“What do we have today…well we have more monkeys than we can put in a barrel” – Dr. Relethford
I just had the pleasure of watching Rise of the Planet of the Apes, a great movie that I would like the comment on, but the rest of the post will address my interest in paleoanthropology.
Film and Related Entertainment
As I said before, I found the movie to be very entertaining. Having not seen any of the original Planet of the Ape movies (something I plan on fixing) I clearly cannot comment on how well it fit the established story line. But, it fit the story I was expecting. Apes get smart, smart apes rebel against us silly humans. There was type casting in this movie that had me chuckling on the inside. Tom Felton’s character was full of hate and snarled too often, Mike Dopud had a gun, and David Hewlett could never catch a break. That aside I thought it was just all around entertaining, good story, good acting and fun apes!
If you want other ape inspired entertainment I would recommend reading Micheal Crichton’s Congo. Not my favorite of his works but considering he wrote Jurassic Park that is not surprising. It is a good read, and since this is mostly a geology blog I will mention that he does attempt to include some geology into the story. Diamonds, volcanoes, all those good things!
Paleoanthropology / Biological Anthropology
My interest in the subject of human evolution began first semester freshman year of college. I was enrolled in Introduction to Biological Anthropology taught by Dr. Relethford (Author of Reflections Of Our Past and The Human Species: An Introduction to Biological Anthropology). I had enrolled in the class because it was a prerequisite for paleoanthropology, and with the goal of study dinosaurs, I figured any paleontological experience would help me along.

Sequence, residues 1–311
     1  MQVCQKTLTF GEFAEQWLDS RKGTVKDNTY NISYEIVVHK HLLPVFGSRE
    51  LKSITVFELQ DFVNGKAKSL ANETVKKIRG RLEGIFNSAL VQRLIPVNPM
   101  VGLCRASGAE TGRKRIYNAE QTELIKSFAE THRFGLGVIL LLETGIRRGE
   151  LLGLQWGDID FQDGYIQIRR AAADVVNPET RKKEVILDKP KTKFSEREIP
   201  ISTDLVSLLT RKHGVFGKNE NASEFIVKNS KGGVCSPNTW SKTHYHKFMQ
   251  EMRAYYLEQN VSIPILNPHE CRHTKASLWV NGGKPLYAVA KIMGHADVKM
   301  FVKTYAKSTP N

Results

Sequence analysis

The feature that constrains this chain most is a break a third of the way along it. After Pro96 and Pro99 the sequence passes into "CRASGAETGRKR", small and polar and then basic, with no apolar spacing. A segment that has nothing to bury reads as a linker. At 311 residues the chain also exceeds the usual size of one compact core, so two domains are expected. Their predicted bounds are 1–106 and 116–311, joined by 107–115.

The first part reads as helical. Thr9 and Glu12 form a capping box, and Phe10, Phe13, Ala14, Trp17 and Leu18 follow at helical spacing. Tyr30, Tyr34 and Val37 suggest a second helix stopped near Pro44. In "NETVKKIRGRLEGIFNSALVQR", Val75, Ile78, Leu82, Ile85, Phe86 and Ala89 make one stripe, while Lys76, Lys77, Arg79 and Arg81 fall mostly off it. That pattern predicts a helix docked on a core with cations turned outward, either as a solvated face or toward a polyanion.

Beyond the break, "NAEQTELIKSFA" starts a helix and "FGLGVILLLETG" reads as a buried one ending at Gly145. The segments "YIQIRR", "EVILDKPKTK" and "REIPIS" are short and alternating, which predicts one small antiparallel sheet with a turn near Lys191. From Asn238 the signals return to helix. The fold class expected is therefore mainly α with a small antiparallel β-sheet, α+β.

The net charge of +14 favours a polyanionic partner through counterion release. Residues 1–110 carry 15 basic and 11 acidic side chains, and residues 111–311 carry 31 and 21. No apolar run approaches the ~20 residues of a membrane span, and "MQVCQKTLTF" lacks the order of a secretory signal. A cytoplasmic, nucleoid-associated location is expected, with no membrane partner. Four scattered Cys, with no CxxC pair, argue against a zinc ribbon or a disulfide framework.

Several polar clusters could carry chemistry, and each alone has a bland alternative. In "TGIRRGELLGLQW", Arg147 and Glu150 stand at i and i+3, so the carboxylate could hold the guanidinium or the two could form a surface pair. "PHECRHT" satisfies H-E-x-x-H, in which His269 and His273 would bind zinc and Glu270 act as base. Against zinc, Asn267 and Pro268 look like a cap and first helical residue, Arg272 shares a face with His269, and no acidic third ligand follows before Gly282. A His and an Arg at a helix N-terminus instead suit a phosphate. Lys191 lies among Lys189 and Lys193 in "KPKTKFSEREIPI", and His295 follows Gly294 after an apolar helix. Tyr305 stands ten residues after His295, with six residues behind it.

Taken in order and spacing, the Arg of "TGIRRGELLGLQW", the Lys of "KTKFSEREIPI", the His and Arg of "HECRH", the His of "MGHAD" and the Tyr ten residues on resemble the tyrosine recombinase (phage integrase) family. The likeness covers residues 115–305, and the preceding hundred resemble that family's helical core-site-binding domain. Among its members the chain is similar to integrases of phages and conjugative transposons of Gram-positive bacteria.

Learning about the behaviors of various monkeys and apes was certainly interesting (see Chimp Generosity) and kept me excited for class (as did Dr. Relethford’s endless stories and statements, some of which I wrote in my notes, many I sadly did not), but it wasn’t until we started discussing human evolution more directly that I really was ‘turned on’ so to speak. My interest is hard to explain, as a lover of paleontology, human evolution is a natural branch of the subject, but there is something about studying where we come from that has a certain beauty and appeal to it. I get to study the past through fossils, but not just any past, my past.
From Proconsul, one of the earliest apes (I recommend reading The Ape in the Tree by Alan Walker and Pat Shipman) to Ardipithecus ramidus (a personal favorite of mine, data was released in 2009 in the journal Science) the human line is full of incredible species that leave no shortage of puzzling questions to study. Of course we can’t leave the Neanderthals (see recent genetic research) and Homo floresiensis better known as the Hobbit.
Homo floresiensis is an especially interesting individual. Its small size, isolate located and recent existence has ignited heated debate in the scientific community (see Hobbit or Deformed Human?). I am actually about to start reading A New Human by Mike Morwood in order to get a better understanding of this unique critter.
As I moved on from Introduction to Biological Anthropology to Human Origins and eventually paleoanthropology and Human Skeletal Anatomy, I gained a stronger desire to study human evolution in my career. But I am a geologist, and I have always wanted to study dinosaurs since I was about four. Well, I have already placed myself on a career path to study paleontology from the geology side of the field. I have since reconciled myself with the idea that I can apply my geological skills to the collecting and studying human evolution just as easily as I can dinosaurs (aside from the fact that the location of human ancestors makes the field anything but easy!). However I welcome any advice on how to mesh my interests!
By now I am just rambling, tossing out genus/species in an attempt to convince myself that I am not as rusty as I know I am. It has been a couple of years since I took paleoanthropology and it is time I dust of my copies of The Human Lineage and Humankind Emerging and brush up on my history.
“I’m not saying you would say…Oh My God, there is a Neanderthal on the subway!” – Dr. Relethford